Cue the caps and gowns. Cue the suits and ties. Cue the family and friends. Cue the tears and happy goodbyes.
This past Saturday marked the second Men’s Recovery program graduation that I have been a part of as the Mission Program Manager at Cityteam Chester. Watching five men talk of their changed lives is truly a humbling experience. Especially when you hear the stories of what they were before they came.
I think in lessons a lot in my personal debrief time. There are a few things I walk away with from a night like that.
No One Need Walk Alone: One of our graduates reminded us of the story in the Bible where Elijah spent time by the river, and God sent ravens to feed him when there was no other promise of food. He then went through some of the “ravens” that walked alongside him in his process. He spoke so highly of the case manager, who invested her life in him, calling him on his behavior, never letting him escape himself. He spoke of the brothers who challenged him to be something different in the program. He spoke of those who were able to afford him these opportunities.
Sometimes, the journey of change feels lonely. It’s desert. It’s vast. It’s confusing. But none of us walk alone.
In fact, anything that’s worth having in life is worth fighting together for. It’s worth asking help for. It’s worth the pain of relationship.
And especially in recovery. As every volunteer was able to stand at that event, I was in awe of the look of shrink-wrapped tears in their eyes.
It takes an army, and I’m grateful for that army.
Not Everyone Makes It: Yes, not everyone made it to the graduation ceremony. This year, we had two individuals who were unable to make it with extremely good reason.
Though all of our grads this year are gainfully employed, two were opening the new PPL Park in Allentown, were providing food for 15K screaming Eagles fans. They were getting to sit down with Don Henley, and hear “Take It Easy” live.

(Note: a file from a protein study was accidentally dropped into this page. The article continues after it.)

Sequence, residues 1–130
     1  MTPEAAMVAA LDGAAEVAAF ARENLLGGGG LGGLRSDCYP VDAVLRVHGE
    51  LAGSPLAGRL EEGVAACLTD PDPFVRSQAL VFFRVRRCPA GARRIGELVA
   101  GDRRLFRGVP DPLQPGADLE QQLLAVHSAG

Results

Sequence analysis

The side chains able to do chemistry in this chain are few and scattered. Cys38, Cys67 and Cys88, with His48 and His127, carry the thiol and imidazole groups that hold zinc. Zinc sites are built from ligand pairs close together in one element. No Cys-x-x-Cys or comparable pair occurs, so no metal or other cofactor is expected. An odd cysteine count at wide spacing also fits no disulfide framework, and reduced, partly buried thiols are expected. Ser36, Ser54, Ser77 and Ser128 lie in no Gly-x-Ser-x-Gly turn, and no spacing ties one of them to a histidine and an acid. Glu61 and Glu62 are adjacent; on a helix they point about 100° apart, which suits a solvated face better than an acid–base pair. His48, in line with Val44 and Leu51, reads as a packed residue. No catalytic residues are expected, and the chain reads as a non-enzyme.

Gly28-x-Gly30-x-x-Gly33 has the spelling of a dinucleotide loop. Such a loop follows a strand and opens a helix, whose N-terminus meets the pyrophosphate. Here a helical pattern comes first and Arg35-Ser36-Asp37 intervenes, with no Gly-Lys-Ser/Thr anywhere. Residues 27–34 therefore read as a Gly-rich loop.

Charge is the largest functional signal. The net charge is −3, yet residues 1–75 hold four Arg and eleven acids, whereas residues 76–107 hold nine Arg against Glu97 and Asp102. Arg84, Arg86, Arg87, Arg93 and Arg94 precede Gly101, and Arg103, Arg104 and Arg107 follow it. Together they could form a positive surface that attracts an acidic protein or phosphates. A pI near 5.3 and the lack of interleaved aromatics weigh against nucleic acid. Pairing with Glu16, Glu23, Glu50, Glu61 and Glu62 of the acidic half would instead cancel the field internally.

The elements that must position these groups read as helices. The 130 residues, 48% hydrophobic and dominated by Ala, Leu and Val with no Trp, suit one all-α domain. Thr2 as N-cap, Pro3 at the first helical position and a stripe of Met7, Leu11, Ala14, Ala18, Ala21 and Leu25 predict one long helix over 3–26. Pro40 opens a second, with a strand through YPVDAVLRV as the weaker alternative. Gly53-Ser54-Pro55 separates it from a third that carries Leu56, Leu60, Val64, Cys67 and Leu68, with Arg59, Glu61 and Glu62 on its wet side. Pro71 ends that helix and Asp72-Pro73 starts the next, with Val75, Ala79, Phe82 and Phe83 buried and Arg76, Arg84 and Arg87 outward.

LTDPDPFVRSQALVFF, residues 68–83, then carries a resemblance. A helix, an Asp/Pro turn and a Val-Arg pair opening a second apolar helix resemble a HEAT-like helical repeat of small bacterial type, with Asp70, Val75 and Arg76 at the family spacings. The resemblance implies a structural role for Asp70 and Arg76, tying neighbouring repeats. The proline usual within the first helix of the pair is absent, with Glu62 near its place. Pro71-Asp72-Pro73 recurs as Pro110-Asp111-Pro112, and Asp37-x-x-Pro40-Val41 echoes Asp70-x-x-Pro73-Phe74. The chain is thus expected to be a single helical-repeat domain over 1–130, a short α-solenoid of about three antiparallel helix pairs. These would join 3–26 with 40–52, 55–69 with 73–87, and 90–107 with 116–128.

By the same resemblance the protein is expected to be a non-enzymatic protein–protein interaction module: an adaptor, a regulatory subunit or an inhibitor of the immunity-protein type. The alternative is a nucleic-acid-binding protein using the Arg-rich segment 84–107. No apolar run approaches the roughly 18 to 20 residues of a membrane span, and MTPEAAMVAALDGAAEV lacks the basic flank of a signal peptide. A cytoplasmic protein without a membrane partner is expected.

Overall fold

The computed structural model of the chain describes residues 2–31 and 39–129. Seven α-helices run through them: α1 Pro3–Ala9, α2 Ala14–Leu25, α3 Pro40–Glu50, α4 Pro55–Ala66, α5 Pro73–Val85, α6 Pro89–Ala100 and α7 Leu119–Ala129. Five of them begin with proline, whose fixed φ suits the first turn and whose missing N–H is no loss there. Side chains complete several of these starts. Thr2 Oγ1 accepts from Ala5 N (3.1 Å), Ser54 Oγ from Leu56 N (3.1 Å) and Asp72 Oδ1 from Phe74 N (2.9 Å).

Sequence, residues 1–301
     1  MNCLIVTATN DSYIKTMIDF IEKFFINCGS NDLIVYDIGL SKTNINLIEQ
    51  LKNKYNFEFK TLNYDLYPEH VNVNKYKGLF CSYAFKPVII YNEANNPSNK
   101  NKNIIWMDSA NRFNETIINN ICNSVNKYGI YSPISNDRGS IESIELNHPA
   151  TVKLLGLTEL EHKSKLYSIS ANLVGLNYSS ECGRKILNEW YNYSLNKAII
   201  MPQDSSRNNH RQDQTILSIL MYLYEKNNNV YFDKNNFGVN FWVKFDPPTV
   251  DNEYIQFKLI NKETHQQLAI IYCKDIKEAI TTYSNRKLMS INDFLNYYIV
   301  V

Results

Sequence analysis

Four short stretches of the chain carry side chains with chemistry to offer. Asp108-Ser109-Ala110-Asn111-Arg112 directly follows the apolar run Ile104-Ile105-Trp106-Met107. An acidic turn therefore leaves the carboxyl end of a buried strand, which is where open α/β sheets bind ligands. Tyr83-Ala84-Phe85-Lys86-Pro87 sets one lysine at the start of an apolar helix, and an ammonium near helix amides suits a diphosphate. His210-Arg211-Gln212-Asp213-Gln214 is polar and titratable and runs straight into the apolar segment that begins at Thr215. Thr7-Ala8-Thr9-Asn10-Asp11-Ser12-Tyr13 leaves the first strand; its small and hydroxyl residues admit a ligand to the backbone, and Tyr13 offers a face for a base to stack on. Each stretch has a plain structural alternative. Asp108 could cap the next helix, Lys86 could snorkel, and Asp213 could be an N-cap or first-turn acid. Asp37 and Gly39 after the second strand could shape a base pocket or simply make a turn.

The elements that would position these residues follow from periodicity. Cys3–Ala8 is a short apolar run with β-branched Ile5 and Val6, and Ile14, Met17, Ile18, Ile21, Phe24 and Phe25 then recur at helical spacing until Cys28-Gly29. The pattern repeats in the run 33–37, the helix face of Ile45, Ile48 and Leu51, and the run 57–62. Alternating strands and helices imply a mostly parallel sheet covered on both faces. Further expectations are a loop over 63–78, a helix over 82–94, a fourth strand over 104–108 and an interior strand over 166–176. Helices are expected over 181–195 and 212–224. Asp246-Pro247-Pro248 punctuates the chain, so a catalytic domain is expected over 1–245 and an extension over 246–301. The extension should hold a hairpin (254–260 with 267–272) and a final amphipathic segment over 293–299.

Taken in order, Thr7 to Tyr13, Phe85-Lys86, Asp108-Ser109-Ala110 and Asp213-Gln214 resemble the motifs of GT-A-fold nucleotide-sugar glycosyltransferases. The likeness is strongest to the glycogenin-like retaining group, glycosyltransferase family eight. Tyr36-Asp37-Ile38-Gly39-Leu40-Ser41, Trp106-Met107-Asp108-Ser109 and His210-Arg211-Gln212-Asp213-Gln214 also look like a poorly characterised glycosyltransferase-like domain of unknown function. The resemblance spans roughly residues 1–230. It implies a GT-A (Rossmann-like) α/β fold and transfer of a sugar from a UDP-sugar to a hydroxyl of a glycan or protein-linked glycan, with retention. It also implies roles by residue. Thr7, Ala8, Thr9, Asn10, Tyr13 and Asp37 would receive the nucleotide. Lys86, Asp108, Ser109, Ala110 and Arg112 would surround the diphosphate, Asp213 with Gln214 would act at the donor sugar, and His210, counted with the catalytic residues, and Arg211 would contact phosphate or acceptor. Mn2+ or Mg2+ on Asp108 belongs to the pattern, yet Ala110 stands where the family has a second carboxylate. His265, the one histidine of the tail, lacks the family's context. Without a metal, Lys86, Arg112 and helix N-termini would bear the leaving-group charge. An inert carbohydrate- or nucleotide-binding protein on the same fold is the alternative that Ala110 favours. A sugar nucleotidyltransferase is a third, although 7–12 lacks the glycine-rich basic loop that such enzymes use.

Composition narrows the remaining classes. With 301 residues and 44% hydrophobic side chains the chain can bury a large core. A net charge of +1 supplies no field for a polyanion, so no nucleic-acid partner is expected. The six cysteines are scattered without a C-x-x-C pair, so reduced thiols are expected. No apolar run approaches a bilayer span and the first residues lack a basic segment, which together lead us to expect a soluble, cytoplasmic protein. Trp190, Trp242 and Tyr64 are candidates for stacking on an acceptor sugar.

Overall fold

Take a look here.
You never think that the homeless, broken person standing before you will someday be entertaining rock and roll royalty. We often write these folks off, or wonder at their brokenness, or fight for them to get one of the four F’s (“Flowers, facilities, filing, or food service”).
But God doesn’t work like that. He uses the despised things of the world to show off how good He is. This was a perfect example.
Not Everyone Makes It Part 2: “There were fifty of us to start, and now there are five.”
I heard this a few days before as I was recording his testimony. It hasn’t left me since.
The journey of recovery is a narrow path. An individual faces constant craving for the drugs, constant pressure from “friends”, constant push from their own internal worries and stress, constant demand from a world that has already ostracized them.
Many of the men who were there admitted this was the first thing they started AND finished.
This is all the more reason it takes an army of encouragers. Of givers. Of sacrificial lovers who will give of themselves. Of people saying, “I did it! You can too!”
There Is Promise In The Insanity: And because of the constant demand and pressure, those who invest are constantly challenged. It’s tough living with, working with, serving individuals who are addicted.
Nights like these remind me why we’re here. Not everyone makes it, but some do. Some give themselves fully to God, fully to another human, fully to the process of recovery. Then they receive the reward. Renewed lives. Restored families. Rewarding careers.
And recovery. Significant clean time. A network of folks who make it their goal to aid the sick and suffering.
And you remember in that moment: The reward is worth the cost.